Studies undermine Williamson’s ‘little evidence’ claim on school risks

Hazards campaign news release, 11 August 2020 (No embargo)

A series of studies, including two in recent days from UK experts, discredit claims by education secretary Gavin Williamson that there is ‘little evidence’ of a Covid-19 transmission risk in schools, workplace safety advocates have warned.

The safe-to-return claim by Gavin Williamson is patently untrue and could drive an upturn in Covid-19 cases.

“The safe-to-return claim by Gavin Williamson is patently untrue and could drive an upturn in Covid-19 cases,” said Janet Newsham, the chair of the national Hazards Campaign. “The education secretary is either ignorant of or choosing to ignore considerable evidence of outbreak risks in schools.  He is also failing to acknowledge the detrimental consequences of a ‘stop-start’ disruption to schooling and the economy as local flare-ups continue.”

The campaigners point to a study1 published on 24 July that concluded there is “evidence of robust spread of SARS-CoV-2 in high schools, and more limited spread in primary schools. Some countries with relatively large class sizes in primary schools (eg. Chile and Israel) reported sizeable outbreaks in some of those schools.” The paper, co-authored by Muge Cevik from the NHS Lothian Infection Service and the University of St Andrews, noted “these reports suggest that classroom crowding and other factors related to social distancing in classrooms/schools may play a role in the spread of SARS-CoV-2 in primary schools. Those findings should have implications for school openings in different age groups of children, and they suggest the need to better protect adults over the age of 60 during the community spread of SARS-CoV-2.”

A second study2 published on 3 August by scientists from University College London (UCL) and the London School of Hygiene and Tropical Medicine found current testing and contact tracing levels are not sufficient to prevent a second wave of coronavirus after schools reopen. The researchers, who found the track-trace-isolate system was not up to the task, warned: “Without sufficient coverage of a test-trace-isolate strategy the UK risks a serious second epidemic peak either in December or February.”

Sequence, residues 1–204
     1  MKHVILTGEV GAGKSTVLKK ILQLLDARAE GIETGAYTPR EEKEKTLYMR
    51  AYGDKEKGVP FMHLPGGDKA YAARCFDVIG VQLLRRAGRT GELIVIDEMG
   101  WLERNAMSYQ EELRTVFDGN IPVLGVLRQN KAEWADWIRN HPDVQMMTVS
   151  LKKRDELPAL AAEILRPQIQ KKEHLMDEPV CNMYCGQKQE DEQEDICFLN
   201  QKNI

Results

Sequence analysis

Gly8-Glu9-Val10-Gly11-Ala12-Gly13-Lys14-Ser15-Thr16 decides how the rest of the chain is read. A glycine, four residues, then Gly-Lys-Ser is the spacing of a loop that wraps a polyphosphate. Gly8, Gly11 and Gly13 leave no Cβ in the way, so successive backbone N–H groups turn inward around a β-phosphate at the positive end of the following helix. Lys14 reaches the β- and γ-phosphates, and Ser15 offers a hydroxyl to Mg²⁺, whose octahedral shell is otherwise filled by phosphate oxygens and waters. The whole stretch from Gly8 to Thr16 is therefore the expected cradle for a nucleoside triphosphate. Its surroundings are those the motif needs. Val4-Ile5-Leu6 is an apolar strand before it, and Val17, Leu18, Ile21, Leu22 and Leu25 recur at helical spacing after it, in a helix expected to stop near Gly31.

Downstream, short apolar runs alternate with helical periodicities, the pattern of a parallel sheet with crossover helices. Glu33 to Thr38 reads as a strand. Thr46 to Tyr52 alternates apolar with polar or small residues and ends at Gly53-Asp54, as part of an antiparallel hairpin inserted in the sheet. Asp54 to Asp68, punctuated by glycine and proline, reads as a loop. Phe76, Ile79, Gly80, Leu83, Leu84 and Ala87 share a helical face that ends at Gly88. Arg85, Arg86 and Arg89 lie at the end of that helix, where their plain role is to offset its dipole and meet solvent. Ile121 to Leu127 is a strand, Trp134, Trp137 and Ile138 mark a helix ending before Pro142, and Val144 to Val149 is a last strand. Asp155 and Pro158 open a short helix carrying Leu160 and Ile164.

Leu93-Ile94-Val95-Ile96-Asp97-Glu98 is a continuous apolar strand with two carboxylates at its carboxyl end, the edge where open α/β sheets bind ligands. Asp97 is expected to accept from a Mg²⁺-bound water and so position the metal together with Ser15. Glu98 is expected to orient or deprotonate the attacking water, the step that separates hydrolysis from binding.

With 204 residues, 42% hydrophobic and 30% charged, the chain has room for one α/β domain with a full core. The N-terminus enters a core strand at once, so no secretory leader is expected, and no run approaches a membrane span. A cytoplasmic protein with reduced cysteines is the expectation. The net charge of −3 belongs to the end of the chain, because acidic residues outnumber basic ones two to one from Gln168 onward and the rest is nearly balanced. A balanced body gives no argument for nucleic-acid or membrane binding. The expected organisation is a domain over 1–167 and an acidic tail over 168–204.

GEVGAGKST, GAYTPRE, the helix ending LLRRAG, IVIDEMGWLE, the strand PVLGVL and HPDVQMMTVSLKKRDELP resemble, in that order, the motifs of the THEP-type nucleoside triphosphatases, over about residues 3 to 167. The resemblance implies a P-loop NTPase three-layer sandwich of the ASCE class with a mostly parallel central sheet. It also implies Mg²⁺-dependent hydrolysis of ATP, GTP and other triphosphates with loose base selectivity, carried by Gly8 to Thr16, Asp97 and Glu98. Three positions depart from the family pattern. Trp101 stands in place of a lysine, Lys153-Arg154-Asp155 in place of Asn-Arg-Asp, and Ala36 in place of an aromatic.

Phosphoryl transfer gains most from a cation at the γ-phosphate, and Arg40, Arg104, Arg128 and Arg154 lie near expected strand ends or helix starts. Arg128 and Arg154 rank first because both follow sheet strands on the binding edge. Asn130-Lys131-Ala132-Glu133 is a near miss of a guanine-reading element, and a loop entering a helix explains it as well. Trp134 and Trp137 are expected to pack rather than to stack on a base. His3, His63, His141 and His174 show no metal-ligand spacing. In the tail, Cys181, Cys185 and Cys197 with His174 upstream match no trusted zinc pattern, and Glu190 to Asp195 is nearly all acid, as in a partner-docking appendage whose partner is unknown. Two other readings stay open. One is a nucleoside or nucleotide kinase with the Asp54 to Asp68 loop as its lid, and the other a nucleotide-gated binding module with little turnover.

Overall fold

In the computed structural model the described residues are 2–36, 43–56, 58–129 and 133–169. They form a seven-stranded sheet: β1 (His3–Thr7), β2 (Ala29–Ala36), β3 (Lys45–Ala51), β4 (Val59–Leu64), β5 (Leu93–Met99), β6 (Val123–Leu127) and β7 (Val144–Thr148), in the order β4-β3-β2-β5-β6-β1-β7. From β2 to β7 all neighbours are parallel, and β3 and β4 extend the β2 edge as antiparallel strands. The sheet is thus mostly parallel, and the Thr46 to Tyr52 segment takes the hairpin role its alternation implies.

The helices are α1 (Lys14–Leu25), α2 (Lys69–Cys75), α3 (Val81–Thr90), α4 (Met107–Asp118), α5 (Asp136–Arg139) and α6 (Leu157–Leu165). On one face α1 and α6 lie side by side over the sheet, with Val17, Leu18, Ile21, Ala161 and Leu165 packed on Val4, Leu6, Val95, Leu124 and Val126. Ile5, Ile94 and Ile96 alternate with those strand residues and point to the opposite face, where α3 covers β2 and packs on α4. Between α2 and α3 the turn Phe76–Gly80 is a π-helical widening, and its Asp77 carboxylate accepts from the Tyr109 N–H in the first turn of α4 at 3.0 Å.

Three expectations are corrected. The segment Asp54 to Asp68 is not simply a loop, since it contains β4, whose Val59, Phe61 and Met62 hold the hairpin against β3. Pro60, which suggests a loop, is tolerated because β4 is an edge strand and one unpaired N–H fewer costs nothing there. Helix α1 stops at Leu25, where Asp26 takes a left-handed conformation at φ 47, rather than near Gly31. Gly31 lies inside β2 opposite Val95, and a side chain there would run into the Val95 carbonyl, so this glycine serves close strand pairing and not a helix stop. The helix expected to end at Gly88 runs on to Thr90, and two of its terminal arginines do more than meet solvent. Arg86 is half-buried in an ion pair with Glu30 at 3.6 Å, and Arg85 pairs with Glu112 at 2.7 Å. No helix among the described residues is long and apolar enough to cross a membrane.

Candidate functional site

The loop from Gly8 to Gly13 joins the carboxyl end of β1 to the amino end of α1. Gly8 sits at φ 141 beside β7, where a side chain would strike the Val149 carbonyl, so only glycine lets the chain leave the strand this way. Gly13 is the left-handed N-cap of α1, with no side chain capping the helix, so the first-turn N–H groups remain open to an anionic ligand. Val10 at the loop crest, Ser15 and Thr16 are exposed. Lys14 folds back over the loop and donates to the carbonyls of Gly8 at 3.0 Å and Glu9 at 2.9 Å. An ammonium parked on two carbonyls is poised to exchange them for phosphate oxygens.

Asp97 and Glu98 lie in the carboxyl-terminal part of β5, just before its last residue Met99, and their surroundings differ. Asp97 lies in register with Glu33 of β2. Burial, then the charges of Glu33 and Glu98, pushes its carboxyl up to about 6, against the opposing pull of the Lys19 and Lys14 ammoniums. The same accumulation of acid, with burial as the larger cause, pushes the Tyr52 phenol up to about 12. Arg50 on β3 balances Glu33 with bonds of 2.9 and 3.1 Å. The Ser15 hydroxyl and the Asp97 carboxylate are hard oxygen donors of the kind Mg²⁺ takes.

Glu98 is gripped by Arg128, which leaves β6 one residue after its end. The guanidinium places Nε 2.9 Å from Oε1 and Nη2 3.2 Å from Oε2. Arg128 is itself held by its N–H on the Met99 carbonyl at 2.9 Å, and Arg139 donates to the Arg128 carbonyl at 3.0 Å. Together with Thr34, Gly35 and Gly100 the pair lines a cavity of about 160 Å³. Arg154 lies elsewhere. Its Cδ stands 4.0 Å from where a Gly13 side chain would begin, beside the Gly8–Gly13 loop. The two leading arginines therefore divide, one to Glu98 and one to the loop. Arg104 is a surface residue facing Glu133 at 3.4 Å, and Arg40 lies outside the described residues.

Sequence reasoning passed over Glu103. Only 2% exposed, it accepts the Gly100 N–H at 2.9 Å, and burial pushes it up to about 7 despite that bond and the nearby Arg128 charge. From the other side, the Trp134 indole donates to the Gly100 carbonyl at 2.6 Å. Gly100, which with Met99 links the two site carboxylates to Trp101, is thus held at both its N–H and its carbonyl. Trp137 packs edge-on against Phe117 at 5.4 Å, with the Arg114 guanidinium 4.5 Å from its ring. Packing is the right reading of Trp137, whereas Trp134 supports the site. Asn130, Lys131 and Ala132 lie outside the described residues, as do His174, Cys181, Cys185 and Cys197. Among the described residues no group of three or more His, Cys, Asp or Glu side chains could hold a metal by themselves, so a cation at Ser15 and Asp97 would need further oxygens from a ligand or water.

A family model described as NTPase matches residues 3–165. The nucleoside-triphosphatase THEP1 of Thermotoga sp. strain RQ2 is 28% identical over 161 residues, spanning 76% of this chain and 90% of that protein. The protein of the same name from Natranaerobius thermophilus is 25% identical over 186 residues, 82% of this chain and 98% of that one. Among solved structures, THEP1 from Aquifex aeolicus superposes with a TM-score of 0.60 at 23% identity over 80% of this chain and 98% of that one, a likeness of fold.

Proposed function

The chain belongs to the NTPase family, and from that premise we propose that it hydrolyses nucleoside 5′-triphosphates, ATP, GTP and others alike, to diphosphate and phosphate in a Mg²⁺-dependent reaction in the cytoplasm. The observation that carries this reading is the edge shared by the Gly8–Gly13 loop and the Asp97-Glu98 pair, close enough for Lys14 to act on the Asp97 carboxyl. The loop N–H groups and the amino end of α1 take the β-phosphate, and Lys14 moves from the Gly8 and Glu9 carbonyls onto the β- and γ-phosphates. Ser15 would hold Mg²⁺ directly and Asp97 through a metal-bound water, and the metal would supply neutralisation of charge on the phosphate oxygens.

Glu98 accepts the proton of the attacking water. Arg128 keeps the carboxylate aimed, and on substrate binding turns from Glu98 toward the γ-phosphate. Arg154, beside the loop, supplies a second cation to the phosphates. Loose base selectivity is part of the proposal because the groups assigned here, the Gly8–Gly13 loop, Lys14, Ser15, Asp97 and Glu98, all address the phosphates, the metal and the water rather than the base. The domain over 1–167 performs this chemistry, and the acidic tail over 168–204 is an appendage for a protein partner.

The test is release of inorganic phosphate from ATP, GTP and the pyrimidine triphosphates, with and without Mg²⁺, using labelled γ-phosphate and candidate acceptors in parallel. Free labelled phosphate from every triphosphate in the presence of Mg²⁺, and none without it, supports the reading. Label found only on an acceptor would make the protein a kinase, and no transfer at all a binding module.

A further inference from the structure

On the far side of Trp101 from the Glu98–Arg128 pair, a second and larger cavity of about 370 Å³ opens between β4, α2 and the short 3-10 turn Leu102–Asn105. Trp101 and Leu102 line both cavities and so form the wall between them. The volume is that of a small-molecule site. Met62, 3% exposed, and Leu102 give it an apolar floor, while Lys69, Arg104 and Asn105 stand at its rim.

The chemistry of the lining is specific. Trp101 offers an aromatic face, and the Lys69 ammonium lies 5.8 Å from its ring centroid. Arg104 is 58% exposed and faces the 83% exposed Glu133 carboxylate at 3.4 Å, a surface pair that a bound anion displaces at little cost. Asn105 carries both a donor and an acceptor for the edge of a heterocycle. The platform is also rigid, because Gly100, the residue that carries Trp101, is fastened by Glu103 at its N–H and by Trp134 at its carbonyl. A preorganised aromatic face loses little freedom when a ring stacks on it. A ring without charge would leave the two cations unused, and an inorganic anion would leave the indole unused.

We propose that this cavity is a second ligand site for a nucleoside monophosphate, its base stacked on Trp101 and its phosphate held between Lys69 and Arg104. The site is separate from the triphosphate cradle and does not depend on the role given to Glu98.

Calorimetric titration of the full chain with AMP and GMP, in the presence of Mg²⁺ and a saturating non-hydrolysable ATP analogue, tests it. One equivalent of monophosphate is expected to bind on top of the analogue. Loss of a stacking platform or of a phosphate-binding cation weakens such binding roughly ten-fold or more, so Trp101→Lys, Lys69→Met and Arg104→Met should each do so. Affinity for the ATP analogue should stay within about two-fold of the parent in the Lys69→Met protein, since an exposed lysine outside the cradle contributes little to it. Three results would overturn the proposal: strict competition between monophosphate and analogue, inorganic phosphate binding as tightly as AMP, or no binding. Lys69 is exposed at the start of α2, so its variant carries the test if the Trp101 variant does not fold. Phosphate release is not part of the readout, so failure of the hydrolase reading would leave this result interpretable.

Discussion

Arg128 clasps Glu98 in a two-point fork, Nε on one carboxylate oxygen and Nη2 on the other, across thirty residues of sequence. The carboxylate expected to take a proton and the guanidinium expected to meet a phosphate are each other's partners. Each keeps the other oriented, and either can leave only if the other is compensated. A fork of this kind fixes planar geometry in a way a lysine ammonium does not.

The Hazards Campaign is also concerned the move will coincide with a relaxation of lockdown rules and government pressure for a reduction in working from home. “The government is failing to take adequate account of a simultaneous wider return to work, which our tracking of UK workplace clusters indicates could be the focus for increasing local outbreaks in offices, factories and other workplaces,” Newsham said. “We have the double jeopardy of return to schools without the essential trace-trace-isolate system in place and a return to work with oversight by workplace safety regulators at a virtual standstill.”

Newsham concluded: “Education in the UK is being damaged by neglected and dangerous infrastructure, poorly resourced classrooms and education staff stressed-out through understaffing and overwork,” said Newsham. “Crowding kids back into these schools is a unnecessary gamble and could be counterproductive, setting back Covid-19 prevent efforts and lead to further shutdowns.”

Latest Public Health England figures3 show workplace cases are an increasing proportion of overall Covid-19 infections and the great majority of cases are in working age people.

Notes to editors

Hazards Campaign coronavirus hub:

  1. Edward Goldstein, Marc Lipsitch, Muge Cevik, On the effect of age on the transmission of SARS-CoV-2 in households, schools and the community, medRxiv preprint, 24 July 2020. doi:
  2. Jasmina Panovska-Griffiths and others, Determining the optimal strategy for reopening schools, the impact of test and trace interventions, and the risk of occurrence of a second COVID-19 epidemic wave in the UK: a modelling study, Lancet Child and Adolescent Health, Online first 3 August 2020. DOI:
  3. Weekly Coronavirus Disease 2019 (COVID-19) Surveillance Report, Week 32, PHE, 7 August 2020

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